This type of abuse does not leave scars and bruises on the outside so people do not always see that you need help. Be sure to speak to someone if you feel that what is being done to you needs to stop.

Examples of emotional abuse are:

  • Being constantly told you are wrong or not good enough
  • Being unfairly blamed for everything all the time
  • Being told that you are stupid
  • Being made to feel unhappy
  • Being called nasty names
  • Being told you should never have been born
  • Being told to do tasks you are not old enough or can not really do
  • Seeing or hearing someone from home being hurt by another member of the family (domestic violence)
  • Being bullied
  • Being made to feel frightened or in danger.
  • Being over protected, like not being allowed to ever play or go out.

Words Can Hurt - Verbal abuse and emotional abuse video from ChildLine.

There are people you can talk to about any of these things. You can call the WSCP on 020 8871 6622 (after 5pm weekdays or on weekends: 020 8871 6000) or call Childline on 0800 1111.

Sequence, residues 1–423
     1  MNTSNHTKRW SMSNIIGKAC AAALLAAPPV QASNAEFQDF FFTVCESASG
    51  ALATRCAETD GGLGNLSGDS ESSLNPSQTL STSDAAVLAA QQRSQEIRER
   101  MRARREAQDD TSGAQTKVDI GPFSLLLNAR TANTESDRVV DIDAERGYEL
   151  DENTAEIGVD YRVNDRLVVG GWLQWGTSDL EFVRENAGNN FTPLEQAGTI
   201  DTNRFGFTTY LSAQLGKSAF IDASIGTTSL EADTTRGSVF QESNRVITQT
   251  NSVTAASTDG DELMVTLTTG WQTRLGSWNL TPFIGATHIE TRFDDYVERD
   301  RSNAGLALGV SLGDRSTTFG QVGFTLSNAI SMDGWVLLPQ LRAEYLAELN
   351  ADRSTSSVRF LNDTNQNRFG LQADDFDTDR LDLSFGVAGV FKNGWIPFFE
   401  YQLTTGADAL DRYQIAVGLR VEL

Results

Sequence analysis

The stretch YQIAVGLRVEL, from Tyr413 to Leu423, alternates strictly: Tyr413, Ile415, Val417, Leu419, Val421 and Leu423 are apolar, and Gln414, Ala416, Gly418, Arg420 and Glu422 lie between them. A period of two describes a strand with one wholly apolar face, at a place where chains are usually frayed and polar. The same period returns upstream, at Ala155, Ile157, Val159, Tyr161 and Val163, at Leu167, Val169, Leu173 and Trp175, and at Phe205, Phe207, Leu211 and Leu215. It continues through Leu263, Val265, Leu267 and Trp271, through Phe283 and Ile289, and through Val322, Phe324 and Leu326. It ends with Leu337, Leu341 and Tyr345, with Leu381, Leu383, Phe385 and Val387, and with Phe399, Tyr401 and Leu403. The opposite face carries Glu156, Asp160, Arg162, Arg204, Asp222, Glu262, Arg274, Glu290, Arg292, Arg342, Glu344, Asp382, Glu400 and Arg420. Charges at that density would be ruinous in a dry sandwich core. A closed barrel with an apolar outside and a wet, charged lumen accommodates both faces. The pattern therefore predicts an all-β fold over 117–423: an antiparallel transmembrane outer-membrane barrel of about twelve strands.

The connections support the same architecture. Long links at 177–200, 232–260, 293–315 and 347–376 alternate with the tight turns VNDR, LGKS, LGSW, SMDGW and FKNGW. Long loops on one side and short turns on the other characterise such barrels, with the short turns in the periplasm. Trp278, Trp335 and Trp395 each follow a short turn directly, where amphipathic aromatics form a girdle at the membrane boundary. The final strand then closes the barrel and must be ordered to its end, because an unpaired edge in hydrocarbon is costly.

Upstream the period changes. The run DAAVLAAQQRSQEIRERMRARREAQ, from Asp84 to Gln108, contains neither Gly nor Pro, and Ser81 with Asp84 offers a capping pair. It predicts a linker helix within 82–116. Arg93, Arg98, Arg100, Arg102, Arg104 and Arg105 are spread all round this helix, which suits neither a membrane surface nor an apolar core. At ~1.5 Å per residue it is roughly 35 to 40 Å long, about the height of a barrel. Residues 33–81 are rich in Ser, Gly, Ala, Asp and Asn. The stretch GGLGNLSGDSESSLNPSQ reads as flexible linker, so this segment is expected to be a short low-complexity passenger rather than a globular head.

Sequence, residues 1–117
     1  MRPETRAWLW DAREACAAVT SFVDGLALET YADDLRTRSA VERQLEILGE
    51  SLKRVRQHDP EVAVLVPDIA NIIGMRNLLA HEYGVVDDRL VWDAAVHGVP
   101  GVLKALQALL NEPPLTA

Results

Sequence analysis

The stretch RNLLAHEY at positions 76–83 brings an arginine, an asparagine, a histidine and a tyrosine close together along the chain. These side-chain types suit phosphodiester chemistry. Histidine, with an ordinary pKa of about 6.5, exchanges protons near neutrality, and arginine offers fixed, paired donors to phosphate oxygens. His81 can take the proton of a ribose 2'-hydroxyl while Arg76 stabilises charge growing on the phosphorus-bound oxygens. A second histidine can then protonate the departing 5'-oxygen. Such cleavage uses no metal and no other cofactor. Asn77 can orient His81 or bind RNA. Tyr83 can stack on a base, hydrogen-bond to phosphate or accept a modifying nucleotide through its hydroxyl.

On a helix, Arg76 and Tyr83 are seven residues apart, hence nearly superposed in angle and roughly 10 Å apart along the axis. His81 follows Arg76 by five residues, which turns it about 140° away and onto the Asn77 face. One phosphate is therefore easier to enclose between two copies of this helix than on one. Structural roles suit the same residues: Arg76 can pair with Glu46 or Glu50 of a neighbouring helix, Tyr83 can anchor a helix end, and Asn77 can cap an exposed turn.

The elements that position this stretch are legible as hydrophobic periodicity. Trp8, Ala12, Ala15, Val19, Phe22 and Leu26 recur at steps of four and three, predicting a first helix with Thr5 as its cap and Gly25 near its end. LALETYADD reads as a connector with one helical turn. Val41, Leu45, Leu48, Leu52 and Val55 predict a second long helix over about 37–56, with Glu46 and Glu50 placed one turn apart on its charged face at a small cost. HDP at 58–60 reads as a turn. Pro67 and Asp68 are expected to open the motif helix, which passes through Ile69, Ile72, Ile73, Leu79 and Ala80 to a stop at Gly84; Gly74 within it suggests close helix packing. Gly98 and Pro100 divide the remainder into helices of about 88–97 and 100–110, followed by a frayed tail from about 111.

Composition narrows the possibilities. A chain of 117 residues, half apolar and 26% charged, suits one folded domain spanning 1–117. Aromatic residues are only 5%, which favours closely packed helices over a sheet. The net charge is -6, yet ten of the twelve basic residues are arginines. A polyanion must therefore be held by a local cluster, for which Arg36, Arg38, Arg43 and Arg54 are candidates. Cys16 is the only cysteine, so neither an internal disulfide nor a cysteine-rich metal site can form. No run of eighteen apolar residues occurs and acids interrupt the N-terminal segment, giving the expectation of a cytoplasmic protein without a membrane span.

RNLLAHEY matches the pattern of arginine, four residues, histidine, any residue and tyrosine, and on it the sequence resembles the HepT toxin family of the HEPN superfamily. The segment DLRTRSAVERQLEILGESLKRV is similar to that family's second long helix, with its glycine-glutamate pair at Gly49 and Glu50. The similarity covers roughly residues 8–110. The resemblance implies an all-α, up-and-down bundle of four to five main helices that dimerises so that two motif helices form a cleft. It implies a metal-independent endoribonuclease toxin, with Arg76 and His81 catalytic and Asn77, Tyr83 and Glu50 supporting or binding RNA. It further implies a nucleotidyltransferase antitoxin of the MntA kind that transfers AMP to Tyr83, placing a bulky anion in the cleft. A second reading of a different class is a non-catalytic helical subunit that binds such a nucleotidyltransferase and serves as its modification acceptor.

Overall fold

If you are worried about a friend then you should try to talk to them. You should encourage them to call Childline or speak to a teacher or another trusted adult.

The Childline website offers more information on emotional and other types of abuse, and provides more contact information.

Neglect

Neglect is when a young person is not being looked after properly and their very basic needs are not met.

This could result in their health or growth being damaged. These 'very basic needs' include:

  • Food
  • Shelter (a safe place to stay/roof over your head)
  • Safety in the home
  • Not being left alone in dangerous situations
  • Proper clothing
  • Good cleanliness (being allowed to wash/bath often enough)
  • Being kept warm
  • More help for vulnerable children
  • Medical treatment if necessary
  • Protection from physical and emotional harm or danger.

Wants and Needs - a video about emotional abuse from Childline.

Neglect is when you aren't getting any or some of the things above. For example: